October 1, 2009

Palestinian Perspectives V at Cinémathèque québécoise

Activists and Combattants
Arab Women in Resistance
(Palestinian Perspectives, 5th edition)
Oct 21-30, 2009 : Cinémathèque québécoise

What are the historical conditions that compel women to join social and political movements, to engage in liberation struggles, to join the ranks of resistance -- sometimes as leaders -- shaking up the very representations that reinforce essentialist and reductionist notions of woman’s place in society?

Arab Women in Resistance is a programme of documentaries rooted in recent Middle Eastern and North African history. Through their stories and conversations, women from Palestine, Egypt, Algeria, and Lebanon tell of their political commitment and make us share their lived traumas as they speak of the love they have for their country, for freedom, and for human dignity.

In these films, women living in the midst of war and revolution have joined with men to combat feudalism, subjugation, and colonialism. They have experienced invasions and bombardments, faced military occupation forces, been dispossessed of their land, homes, and property, and experienced exile. They have seen their fathers, brothers, husbands, and children imprisoned, disappeared, assassinated, or killed in combat.

Just as The Battle of Algiers (Pontecorvo, 1966) revealed the crucial role played by women in the fight for national liberation, these films retrace the histories of women involved in social, political, and even armed struggle. These women have been in prison and exposed to death and torture. Some have acted in ways that might seem disturbing to us, but these are in accord with the logic of the colonial wars in which they’ve been engaged: their violence is a response to the violence of colonialism itself.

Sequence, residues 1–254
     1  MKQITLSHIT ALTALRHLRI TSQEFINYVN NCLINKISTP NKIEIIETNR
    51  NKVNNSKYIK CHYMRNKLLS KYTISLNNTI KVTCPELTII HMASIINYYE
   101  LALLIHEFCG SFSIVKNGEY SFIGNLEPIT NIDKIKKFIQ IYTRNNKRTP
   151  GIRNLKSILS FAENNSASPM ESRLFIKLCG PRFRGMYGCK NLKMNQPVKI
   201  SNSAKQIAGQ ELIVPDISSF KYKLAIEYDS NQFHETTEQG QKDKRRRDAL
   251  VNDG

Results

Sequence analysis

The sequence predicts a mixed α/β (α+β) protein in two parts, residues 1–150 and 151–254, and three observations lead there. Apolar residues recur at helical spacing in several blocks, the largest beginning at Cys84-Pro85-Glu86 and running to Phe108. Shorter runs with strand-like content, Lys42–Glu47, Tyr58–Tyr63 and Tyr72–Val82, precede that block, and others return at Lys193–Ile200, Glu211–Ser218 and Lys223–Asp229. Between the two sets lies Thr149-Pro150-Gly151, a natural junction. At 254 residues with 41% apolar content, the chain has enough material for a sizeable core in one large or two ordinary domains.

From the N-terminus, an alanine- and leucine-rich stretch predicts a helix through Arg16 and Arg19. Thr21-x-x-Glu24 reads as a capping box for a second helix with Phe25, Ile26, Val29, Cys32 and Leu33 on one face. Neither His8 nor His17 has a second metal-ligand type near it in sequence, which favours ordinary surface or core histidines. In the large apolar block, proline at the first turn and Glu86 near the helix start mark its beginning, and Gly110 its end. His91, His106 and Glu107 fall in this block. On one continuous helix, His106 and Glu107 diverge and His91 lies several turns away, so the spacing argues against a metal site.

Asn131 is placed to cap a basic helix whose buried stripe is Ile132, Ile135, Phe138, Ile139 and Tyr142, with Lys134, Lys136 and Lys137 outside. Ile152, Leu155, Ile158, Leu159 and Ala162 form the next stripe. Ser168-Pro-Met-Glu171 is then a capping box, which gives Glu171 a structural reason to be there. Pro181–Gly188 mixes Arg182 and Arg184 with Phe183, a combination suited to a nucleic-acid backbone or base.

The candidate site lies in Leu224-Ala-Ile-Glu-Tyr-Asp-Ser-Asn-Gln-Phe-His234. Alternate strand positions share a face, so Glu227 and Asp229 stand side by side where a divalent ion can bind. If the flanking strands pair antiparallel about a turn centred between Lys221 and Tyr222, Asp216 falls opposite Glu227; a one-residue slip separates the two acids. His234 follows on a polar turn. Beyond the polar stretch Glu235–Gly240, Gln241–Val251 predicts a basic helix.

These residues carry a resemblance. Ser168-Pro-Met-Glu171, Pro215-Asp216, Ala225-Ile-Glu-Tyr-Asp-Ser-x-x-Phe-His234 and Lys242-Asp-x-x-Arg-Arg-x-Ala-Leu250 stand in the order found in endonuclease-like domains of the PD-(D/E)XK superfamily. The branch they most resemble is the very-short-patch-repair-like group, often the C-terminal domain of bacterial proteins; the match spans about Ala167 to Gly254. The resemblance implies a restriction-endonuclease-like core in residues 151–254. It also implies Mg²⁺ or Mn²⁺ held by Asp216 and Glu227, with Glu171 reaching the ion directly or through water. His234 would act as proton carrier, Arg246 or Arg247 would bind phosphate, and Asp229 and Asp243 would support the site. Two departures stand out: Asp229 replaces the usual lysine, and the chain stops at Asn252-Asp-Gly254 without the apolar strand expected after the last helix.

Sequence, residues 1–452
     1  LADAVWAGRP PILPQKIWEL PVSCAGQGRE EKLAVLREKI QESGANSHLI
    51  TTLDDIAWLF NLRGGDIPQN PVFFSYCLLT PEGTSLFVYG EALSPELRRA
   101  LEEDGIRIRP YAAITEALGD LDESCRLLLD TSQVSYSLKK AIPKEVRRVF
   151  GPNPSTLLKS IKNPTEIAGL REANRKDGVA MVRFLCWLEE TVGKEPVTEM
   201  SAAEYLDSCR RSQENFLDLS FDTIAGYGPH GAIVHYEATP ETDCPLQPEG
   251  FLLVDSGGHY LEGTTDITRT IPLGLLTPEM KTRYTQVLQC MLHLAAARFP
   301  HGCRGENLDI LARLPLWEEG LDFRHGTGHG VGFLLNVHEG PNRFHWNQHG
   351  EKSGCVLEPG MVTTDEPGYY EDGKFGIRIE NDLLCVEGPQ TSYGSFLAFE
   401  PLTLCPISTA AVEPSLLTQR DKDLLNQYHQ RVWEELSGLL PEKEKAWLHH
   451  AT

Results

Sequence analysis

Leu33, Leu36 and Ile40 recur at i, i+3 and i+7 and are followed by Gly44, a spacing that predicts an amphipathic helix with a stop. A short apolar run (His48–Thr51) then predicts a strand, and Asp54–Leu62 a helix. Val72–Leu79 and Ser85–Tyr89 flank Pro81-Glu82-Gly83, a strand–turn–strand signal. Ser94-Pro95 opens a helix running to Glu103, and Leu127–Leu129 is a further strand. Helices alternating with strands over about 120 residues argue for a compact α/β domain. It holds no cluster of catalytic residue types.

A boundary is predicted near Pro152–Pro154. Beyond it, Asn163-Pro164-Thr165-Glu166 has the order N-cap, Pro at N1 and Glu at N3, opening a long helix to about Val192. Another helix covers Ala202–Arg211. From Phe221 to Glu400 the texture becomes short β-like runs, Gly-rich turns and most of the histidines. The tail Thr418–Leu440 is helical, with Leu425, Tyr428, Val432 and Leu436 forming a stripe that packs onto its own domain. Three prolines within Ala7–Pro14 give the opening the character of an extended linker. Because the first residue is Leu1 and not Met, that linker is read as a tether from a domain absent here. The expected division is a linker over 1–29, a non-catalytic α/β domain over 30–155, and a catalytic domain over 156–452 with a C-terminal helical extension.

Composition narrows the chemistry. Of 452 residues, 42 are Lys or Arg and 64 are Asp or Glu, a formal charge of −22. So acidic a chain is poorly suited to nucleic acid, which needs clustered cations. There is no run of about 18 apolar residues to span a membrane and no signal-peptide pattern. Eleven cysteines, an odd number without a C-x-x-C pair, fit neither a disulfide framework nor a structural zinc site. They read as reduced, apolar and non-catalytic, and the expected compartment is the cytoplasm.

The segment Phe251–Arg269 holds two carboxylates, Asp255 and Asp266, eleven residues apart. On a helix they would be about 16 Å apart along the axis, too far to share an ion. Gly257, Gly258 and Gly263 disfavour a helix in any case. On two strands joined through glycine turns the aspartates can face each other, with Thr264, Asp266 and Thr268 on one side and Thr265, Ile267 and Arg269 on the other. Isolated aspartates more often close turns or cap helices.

Film can elucidate life in different ways, allowing us to slip into other people’s skin, inciting us to adopt another perspective and to question our society’s hierarchy of moral values. Which is more monstrous: structural injustice or people who break laws to put an end to that injustice?


Wednesday October 21

6:30pm Claude-Jutra
Quatre femmes d'Égypte
Dir. : Tahani Rached [Qué., 1997, 90 min, Arabic with French subtitles]
Amina, Safynaz, Shahenda et Wedad are old friends. Despite their religious, cultural, and political differences, they met fighting the same battle for social justice. They offer an uncompromising outlook on their activist past, which covers almost 40 years of Egyptian history. “This film does not address the condition of women in Egypt, but rather shows us Egypt as a whole through the lens of their experiences; it illustrates the women’s capacity to maintain their connections and to perpetuate dialogue and tolerance in spite of their totally divergent trajectories.” (T. Rached)

Thursday October 22

8:30pm Claude-Jutra
Khiam 2000-2007
Dir. : Khalil Joreige, Joana Hadjithomas [Lebanon, 2008, 103 min, Arabic with French subtitles]
“In 1999, when South Lebanon was occupied by the Israeli army, we never saw visuals of the detention camp of Khiam. In this film, six prisoners who had just been released discuss their experiences in detention and the relationship they developed through artwork, raising questions about modes of representation. In May 2000, Khiam was dismantled and turned into a museum. During the July 2006 war, the camp was totally destroyed. Today, there is some talk of rebuilding it exactly as it was. In 2007, the same six prisoners filmed 8 years earlier were visited again, and they talk of the liberation and subsequent destruction of the camp, evoking memory, history, reconstitution, imagination, and the power of images.” (K. Joreige, J. Hadjithomas, 2009)

Wednesday October 28

7:00pm Fernand-Seguin
Jamila's Mirror
Dir. : Arab Lotfi [Eg.-U.-K., 1993, 26 min, Arabic with English subtitles]
Following the example of Jamila Bouhired of the Algerian Front de libération nationale (FLN), many Palestinian women became involved in the armed struggle which was precipitated by the 1967 occupation of Palestine. They participated in high-jackings of jet planes and bombings, and in the organization of other PLO operations. Through the testimony of four of these women, the Lebanese-Egyptian filmmaker Arab Lotfi explores their actions in the context of the 1970s Middle East.


Les Porteuses de feu